Singapore-based agribusiness Olam has secured loans worth $176 million from International Finance Corporation (IFC) – the World Bank‘s investment arm – and the Japan International Cooperation Agency (JICA).
Olam will deploy the capital to boost the smallholder-dominated commodity crop sector across Asia and Africa. This will include a drive towards more widespread use of digital technologies among farmers in these regions.
The package consists of two tranches: a five-year, $120 million term loan, and a seven-year term loan worth $56 million.
The financing will partly be used to buy agri-commodities from smallholders in Indonesia, Papua New Guinea, Timor-Leste, Uganda, and Vietnam. Olam will also use some of the funds to expand its Indonesian cocoa-processing facility.
Referring to the ongoing Covid-19 crisis, Olam managing director and group chief financial officer Neelamani Muthukumar said the loans will allow the Singapore-based company to provide “support, stability, and reliable market access to smallholder farmers, particularly in these challenging times.”
The funding “aligns with Olam’s core purpose of reimagining global agriculture and food systems, as well as IFC’s and JICA’s mandate of enabling inclusive economic growth with environmental stewardship,” he added.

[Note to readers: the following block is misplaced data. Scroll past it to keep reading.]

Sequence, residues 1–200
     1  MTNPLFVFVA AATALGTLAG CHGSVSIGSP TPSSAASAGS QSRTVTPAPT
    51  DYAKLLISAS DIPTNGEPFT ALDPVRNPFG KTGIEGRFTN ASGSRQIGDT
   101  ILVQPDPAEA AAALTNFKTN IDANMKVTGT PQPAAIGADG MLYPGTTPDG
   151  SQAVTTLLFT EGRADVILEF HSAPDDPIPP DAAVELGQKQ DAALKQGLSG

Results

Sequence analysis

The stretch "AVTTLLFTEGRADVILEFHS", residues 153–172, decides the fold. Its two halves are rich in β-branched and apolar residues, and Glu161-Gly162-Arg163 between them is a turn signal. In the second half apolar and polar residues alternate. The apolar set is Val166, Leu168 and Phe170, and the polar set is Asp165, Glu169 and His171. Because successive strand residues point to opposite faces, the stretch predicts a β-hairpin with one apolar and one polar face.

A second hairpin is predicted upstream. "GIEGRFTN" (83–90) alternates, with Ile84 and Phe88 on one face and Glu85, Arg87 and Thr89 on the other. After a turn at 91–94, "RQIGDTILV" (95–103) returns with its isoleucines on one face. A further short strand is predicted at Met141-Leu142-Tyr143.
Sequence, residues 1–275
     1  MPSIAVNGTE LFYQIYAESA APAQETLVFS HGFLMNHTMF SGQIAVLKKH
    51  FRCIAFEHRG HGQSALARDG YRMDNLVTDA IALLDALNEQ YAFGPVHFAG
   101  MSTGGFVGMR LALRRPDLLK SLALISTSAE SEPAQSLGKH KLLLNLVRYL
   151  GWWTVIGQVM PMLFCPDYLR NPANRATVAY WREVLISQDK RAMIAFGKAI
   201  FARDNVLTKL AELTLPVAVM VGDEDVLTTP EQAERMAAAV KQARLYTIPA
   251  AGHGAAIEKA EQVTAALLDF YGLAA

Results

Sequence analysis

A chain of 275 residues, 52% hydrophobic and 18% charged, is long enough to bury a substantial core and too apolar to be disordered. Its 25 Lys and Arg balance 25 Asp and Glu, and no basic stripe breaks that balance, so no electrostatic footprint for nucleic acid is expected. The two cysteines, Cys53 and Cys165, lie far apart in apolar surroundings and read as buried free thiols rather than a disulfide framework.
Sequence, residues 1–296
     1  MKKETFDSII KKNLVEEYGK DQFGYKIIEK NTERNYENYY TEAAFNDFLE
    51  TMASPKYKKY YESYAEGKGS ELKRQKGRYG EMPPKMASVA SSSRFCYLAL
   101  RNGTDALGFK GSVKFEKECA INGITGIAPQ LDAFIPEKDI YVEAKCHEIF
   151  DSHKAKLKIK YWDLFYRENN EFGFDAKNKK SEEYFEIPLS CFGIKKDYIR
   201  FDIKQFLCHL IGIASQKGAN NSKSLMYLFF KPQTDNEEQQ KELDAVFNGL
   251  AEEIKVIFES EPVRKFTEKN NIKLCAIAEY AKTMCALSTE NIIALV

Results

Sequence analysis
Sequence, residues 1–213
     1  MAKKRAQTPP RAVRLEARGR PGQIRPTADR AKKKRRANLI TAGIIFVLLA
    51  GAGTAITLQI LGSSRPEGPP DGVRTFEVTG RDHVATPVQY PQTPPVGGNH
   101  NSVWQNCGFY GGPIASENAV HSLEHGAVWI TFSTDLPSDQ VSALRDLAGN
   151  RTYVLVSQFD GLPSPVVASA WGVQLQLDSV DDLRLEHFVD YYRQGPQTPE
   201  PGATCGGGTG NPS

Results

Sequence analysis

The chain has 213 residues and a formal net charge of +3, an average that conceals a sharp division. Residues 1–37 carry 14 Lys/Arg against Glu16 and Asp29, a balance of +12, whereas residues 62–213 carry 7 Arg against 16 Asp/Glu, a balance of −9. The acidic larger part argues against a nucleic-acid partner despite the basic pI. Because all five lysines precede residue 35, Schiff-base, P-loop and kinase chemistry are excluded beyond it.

Tomasz Telma, senior director, manufacturing, agribusiness, and services at IFC, said the investment “will help smallholder farmers in developing countries reach global markets and boost their incomes.”
He said that IFC, along with Olam and JICA, will work together to “help promote greater inclusiveness through better use of digital technologies as well as capacity-building at farmer level.”
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In April last year, Olam was the recipient of the world’s first ‘Digital Loan’ – worth $350 million – which it said it will use to refinance existing loans.
BCG says its index allows enterprises to “uncover their digital strengths and weaknesses, determine whether their digital capabilities are lacking or imbalanced, and evaluate how well they perform against peers in digital efforts.”
Olam was assessed across several areas of digital business transformation. These include how it’s driving its business strategy with digital technologies, its digitization of operations and support functions, and its enablement of others through its use of digital solutions. Improvements in any of these areas during the loan term can trigger a reduction in the interest rate payable by Olam.
Anantharaman Shekhar, executive director and group chief operating officer at Olam, described the Digital Loan as a “pioneering effort” that “links the interest rate on the loan to achieving measurable annual digital improvement targets.”
“This financing can be a good template to drive the agriculture sector’s digital transformation,” he said.